Freedom Fighters were pooled with No.2 Squadron; unfortunately there
have been no photos showing Squadron serials applied on
aircrafts, thus confirming the operation by
the Squadron, though the
official Royal Jordanian AF site mentions it.
Freedom Fighters were replaced by 17 GAMD Mirage F.1EJ during 1982/83, the unit moving
contemporaneously to El Azraq AB. This enabled the
sale of some aircrafts: 13 Northrop F-5A (one as
a spare parts source only, on
board an Lockheed C-130) and 6
F-5B went to Greece, transiting Larnaca (Cyprus) on 14-11-83.
No.2 Squadron was also part of the King Hussein Air College
at Mafraq, the Air Force Training Center.
1983 there were 16 F-5As and 7 F-5B used for advanced training only. These could
be quickly converted to war operation in case of a crise; it kept its Freedom
Fighters till 1987, when it was
disbanded, to be reformed in 2003 with former US Air National Guard General
were put on sale in 1989, one F-5B being placed on the US civilian register in July 1990 and three F-5As following in November 1995. Another F-5B (possibly
an F-5A with crudely modified cockpit) was put on display at Mafraq AB.
The unit received CASA C.101CC from 1987 and the Freedom Fighters were withdrawn from use.
Northrop F-5A 226 photographed on 21-04-84
Archive The Northrop F-5 Enthusiast Underfuselage view of Northrop F-5A
serial 225 taking off from Mafraq AB on 20-09-86
Northrop F-5B 233 photographed in flight late
via Ramez Yaghnam
Photo: Denis Hughes
F-5A, serial 600/A, was photographed long before 10-95 (probably in
unit operated Northrop F-5A as well as Northrop F-5B. It changed its role to training with No.
11 Squadron Cessna T-37B in 1975.
The fighter role was handed over to the
newly established No. 11 Squadron; it became again a fighter unit, Northrop
F-5E/F equipped on
31-05-85, based at Azraq AB till 1988 when it was
transferred to H5/ Prince Hassan AB. Its roles were reconnaissance, air
defence and close air support.
By 1995 its aircrafts were pooled with
No 17 Sqadron at H-5 Air Base.
It was deactivated in 2010 and reactivated in 2011 (2003?) at Muwaffaq Al Salti AB with 12 General Dynamics F-16A Block 20 MLU and 5 F-16B ex Belgian aircrafts.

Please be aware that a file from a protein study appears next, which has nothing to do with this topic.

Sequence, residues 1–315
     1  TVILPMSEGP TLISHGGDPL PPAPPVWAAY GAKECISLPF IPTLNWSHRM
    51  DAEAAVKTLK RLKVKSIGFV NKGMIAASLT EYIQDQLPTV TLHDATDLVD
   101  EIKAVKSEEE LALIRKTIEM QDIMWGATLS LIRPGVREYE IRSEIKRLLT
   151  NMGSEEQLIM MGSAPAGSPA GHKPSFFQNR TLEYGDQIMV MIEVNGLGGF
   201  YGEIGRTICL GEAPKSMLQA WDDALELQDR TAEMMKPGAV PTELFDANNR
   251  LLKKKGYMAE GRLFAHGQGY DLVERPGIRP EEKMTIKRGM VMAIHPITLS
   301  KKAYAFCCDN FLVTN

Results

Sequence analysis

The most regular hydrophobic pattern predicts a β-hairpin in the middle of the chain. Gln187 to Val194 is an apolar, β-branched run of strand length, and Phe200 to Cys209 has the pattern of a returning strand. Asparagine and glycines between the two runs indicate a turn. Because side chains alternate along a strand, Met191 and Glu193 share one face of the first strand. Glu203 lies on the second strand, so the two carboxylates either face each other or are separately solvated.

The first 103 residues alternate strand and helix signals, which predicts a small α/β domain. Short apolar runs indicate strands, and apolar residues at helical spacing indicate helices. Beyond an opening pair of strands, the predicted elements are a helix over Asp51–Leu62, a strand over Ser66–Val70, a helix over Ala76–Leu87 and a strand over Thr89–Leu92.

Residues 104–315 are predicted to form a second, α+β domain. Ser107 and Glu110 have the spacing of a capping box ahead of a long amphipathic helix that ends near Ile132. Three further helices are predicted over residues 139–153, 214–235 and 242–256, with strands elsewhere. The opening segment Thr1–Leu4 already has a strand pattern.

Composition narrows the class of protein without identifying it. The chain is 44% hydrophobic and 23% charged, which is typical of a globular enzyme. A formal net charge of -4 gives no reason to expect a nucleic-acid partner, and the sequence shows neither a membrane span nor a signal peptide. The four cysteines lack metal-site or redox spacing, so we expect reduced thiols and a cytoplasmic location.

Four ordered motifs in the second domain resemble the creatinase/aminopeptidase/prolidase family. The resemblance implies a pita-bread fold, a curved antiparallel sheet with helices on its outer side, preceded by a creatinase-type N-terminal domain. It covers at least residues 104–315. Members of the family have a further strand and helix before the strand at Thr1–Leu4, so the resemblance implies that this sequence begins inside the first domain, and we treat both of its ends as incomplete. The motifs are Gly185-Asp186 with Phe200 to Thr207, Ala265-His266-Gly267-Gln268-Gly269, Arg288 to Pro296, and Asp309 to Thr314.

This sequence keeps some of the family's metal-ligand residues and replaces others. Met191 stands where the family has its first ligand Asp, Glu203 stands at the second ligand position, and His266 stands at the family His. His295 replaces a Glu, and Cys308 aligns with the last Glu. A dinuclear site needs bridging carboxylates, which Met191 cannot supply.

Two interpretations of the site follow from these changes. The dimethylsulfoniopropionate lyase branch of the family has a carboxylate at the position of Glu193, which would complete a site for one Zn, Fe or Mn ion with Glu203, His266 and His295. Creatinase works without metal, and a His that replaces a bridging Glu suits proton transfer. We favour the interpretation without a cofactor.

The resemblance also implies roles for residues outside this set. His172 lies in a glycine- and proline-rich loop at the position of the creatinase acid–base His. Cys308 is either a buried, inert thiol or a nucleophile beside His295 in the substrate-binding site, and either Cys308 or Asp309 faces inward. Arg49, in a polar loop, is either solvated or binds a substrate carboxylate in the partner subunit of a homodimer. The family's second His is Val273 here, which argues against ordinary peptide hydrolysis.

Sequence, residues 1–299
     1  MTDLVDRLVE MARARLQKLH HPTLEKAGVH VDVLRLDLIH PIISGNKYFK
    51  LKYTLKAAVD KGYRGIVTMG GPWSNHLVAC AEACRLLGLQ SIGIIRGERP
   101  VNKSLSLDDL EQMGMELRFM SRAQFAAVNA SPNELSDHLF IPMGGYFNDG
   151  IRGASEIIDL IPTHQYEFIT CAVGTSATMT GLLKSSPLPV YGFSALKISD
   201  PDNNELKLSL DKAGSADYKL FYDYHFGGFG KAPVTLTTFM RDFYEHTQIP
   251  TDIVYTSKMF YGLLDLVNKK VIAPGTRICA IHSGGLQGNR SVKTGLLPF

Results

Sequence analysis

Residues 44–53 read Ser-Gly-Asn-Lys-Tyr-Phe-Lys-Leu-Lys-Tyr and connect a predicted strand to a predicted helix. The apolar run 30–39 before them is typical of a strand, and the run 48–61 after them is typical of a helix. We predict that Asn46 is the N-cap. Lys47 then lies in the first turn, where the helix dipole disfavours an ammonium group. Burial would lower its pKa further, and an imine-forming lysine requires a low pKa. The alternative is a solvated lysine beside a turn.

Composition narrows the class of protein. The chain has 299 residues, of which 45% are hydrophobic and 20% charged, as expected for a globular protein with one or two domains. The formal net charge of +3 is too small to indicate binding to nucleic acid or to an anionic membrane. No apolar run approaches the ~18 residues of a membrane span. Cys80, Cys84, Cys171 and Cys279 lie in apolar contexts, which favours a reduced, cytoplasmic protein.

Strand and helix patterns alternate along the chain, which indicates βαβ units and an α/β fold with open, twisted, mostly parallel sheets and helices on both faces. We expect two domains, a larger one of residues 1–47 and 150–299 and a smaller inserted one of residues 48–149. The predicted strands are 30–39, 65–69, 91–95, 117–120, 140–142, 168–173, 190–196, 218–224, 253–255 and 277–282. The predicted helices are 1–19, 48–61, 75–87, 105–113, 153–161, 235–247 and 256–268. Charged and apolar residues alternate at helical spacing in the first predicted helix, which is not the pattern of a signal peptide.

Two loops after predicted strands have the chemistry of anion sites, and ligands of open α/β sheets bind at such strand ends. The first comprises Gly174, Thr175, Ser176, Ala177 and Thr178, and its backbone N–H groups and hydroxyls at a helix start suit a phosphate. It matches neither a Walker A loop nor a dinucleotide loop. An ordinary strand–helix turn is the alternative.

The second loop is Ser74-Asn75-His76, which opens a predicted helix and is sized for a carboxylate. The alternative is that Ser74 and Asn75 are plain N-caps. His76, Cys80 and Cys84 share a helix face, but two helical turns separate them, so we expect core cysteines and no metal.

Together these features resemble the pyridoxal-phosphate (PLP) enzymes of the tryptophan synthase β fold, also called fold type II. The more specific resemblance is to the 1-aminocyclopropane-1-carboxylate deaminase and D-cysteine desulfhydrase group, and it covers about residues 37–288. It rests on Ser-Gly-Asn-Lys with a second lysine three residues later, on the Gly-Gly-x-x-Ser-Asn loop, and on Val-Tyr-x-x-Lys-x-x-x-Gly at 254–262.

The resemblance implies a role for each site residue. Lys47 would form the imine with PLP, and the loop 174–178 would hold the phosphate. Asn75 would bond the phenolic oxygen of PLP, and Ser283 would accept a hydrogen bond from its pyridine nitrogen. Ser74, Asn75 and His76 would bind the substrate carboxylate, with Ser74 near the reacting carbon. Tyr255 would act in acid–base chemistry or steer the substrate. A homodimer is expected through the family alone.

Prince Hassan AB Northrop F-5EF 648 (note overpainting of nose serial from 1148) seen on 10-04-74 at Azraq
Photo: Archive The Northrop F-5
No. 9 Squadron
It was the second Squadron to receive Tigers, also at Prince Hassan AB, as replacement of Lockheed
F-104A/B. Its aircrafts were camouflaged,
main duty was ground was grund attack, second air defence.
Lockheed F-104 operation ended in July 1977 with the completion of
initial Northrop F-5E delivery.
The Squadron was transferred in 1992 to Jafr/King Feisal AB. By 2014 Northrop F-5 operation had also ceased, replaced by Falco and Camcopters UAVs
Northrop F-5E 936 at Azraq AB
on 10-04-74. Note big serial on
Northrop F-5F 951 at
Prince Hassan AB on 07-07-98
A second new unit, No.11
Squadron, was established with Tigers at King Faisal AB on 06-01-78 for air defence and ground attack, with camouflaged aircrafts. By 1983 it was still partially
It became a training unit equipped with Cessna T-37Bs exchanging again its Squadron number with No. 6 Squadron on 31-05-85.
A new unit No. 17 Squadron was
established on 12-03-73 at Prince Hassan AB with Northrop F-5E and F-5F in air defence and ground attack roles.
At least 2 F-5B were transferred to No.17 Squadron from
the Mafraq pool, later replaced by F-5Fs. By 1995 its aircrafts were pooled with No 6 Squadron at H-5 Air Base.
The unit has acted as an Operational Conversion Unit, before pilots were transferred to General Dynamics F-16s equipped units.
Thirteen BAE Hawk Mk63A for the lead-in role were donated mid/end 2014 by the United Arab Emirates, they supplanted the Northrop F-5E/F-5F in the advanced training role;
two Northrop F-5s remained to represent this fighters; they are not operational.
Northrop F-5E 1708 in metallic colours
at Al Jafr on 10-06-95
Northrop F-5F 1752 seen on 10-04-74 at Azraq Photo: Archive
The Northrop F-5 Enthusiast
Fighter Weapons Instructor School at King Feisal AB was formed in 1981 to teach weapons use to
instructors based on the training syllabus of the USAF,
Tactical Fighter Training Squadron, with double- and
single-seaters. The school could teach F'5s and
Mirage F.1s weapons systems, its
instructors returning to their
units as Qualified Weapons Instuctors. It has trained students from
Iraq, Egyot and Malaysia as well as of other Middle and
Far Eastern countries.
Operation/visits abroad and Squadron exchanges
intelligence signalised the transit of 3 Northrop F-5A with Pakistatini
insegnias at Teheran (Iran) on 26-12-71 en route from Turkey to
Pakistan with Pakistani crews. These are generally quoted as Jordanian
(or Lybian, not ptobable)
aircrafts sent to help Pakistan in the war with India, but arriving too
late to participate to the war and were returned a few months later.
abroad are at Greenham Common (UK) on July 1981
F-5E 1151, 1161 from
No.11 Squadron and at Church Fenton (UK) air show on 13-06-83 F-5E 927,
935 from No.9 Squadron and F-5F 1751
from No.17 Squadron.
the Iran-Iraq 1980-1988 war Prince Hassan AB was used as a main supply
route by Iraq. The F-5s, particularly the No.9 and No.17 Squadrons
aircrafts at this base, were on continous alert, just in case the
would spill over to Jordan.